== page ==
Conflict, Challenge, and Change: State – Society – Religion
GUSEGG 2023 will offer a discussion on how conflict, challenge, and change determine our lives as individuals and as a society. Our times are marked by various conflicts and antagonisms arising from challenging circumstances: climate change, war, inequality, poverty, hunger, pandemics. The problems faced today are conceived of in different ways: as unexpected tragedies, as predictable outcomes of past behavior, as the result of systematic and structural processes, or as the consequence of individual actions or even chance. Sometimes these conceptions overlap, inform each other, and create a sense of transparency, but mostly they produce conflicting and competing interpretations of the current situation. Is a crisis a challenge or even an opportunity for change? Conflict is the consequence of the highly complex way our societies are organized, but it is also the consequence of political inaction and irresponsibility, which allow tensions to spiral out of control. If legitimate grievances are addressed promptly and adequately, could conflicts be prevented before they become a dangerous threat to social cohesion? But what about grievances that do not seem to possess any sort of legitimacy – grievances based on conspiracy theories or pseudo-historical claims to the territory of another sovereign state? In order to resolve a conflict, its basis must be understood. Also, the challenge that any conflict brings is that a return to the status quo ante is often made impossible in the wake of such confrontations. This leads to the question of change. Assuming a rationale concerning conflicts, a return to the world before the conflict would mean a return to the world that allowed the conflict to arise in the first place. Change carries with it the promise of a lasting solution, a future of enduring reconciliation. This too, however, is an illusion. Conflict – in various degrees – will always be part of our lives. It is a constant challenge to attempt to resolve tensions and antagonisms without multiplying and escalating them. Following this, change does not mean change towards a future where no more change would be needed, but change as an ongoing process that is not to be completed. If conflict is a challenge and a question, change is the answer. However, dialogue between the past and the present must continue as the basis of a democratic ideal, as silence as an alternative would not signal the end of all conflicts, but the end of a democratic way of dealing with them. Therefore, creative transformation processes are necessary to meet the various challenges faced.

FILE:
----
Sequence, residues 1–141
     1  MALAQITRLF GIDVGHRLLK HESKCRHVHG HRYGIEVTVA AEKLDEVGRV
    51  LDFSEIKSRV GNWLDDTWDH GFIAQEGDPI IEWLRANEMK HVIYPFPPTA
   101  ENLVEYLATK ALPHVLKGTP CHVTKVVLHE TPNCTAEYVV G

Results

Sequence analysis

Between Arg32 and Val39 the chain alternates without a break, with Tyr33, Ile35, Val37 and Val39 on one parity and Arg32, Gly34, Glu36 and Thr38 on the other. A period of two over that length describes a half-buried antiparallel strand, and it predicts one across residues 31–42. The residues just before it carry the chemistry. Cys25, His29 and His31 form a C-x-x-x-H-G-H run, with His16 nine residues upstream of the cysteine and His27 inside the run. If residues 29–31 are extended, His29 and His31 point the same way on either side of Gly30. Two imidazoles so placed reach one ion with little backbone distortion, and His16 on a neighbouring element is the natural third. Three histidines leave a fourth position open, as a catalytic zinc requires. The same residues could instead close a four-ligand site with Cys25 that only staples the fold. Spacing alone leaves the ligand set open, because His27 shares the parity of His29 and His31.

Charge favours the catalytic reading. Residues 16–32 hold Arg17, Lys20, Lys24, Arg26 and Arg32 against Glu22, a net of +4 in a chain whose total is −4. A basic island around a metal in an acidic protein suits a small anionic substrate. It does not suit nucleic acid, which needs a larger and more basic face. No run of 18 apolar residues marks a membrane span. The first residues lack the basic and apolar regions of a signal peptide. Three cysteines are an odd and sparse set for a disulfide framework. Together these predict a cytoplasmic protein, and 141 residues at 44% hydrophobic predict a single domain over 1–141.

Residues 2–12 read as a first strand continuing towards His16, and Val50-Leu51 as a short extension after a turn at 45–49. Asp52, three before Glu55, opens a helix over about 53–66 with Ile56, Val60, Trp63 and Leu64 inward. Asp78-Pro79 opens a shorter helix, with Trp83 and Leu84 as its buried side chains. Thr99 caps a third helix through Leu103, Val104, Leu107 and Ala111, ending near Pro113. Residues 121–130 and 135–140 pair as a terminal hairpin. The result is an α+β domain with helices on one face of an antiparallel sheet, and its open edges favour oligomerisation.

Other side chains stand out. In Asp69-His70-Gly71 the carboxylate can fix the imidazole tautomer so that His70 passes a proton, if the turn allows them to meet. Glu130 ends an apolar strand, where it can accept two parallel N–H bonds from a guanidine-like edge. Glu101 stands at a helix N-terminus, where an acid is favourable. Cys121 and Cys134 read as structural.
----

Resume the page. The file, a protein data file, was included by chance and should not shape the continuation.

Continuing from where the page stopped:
Thus, GUSEGG 2023 will present research on how conflict, challenge, and change are addressed socially, politically, culturally, and economically, and what this means for states, societies, and religions. In order to develop strategies and methods to meet the challenges of our times, this summer school suggests engaging in academic contemplation and interdisciplinary exchange. Such investigations offer us the opportunity of developing disruptive intellectual approaches and ideas, as we can gain insights into the many forces that make us believe that the challenges we face are essential, natural, or inevitable. Therefore, the suggested analysis offers us not only an understanding of our own positions on an individual, a regional, national, and global level, but also the possibility of moving from a passive position to active involvement in addressing conflict, challenge, and change, and offer insights into the dynamics and structures that govern us and shape as individuals and groups. Focusing on the emphasis areas of the University of Graz – South Eastern Europe and North, Central and South America – this program will offer a basis for discussing global and continental challenges as well as opportunities that such academic engagement provides.
for the Academic Advisory Board
Students will deal with the relevance and effect on global affairs of Europe/EU (emphasis on Southeastern Europe) and beyond by attending the offered morning and evening lectures, panel discussions, and participating in one of the following Seminar modules in the afternoon:
- Seminar 1 - Politics and Cultures of Conflict in the Americas
- Seminar 2 - Media and Democracy: The Fourth Age of Political Communication
- Seminar 3 - Pins and Needles: Economic Background to Conflict
- Seminar 4 - Jewish Studies: Personal Narratives and the Power of Hollywood
- Seminar 5 - Narrative Didactics: The Challenges of Text Analysis
- Seminar 6 - Aging in Data: Quantified Bodies and the Power of Access
- Seminar 7 - Society and Politics: Emotions and Antagonism
Participants will receive a certificate of participation at the end of the summer school. Please note that this only confirms the participation and cannot be used for credit transfer.
Students who wish to receive 6 ECTS credits are required to participate in the full program AND to write a seminar paper. Instructions about writing a seminar paper and more information about the credits,will be distributed throughout the course of the summer school. Once students have received a positive grade, transcripts will be available. These transcripts can be used to obtain credit at the home institution.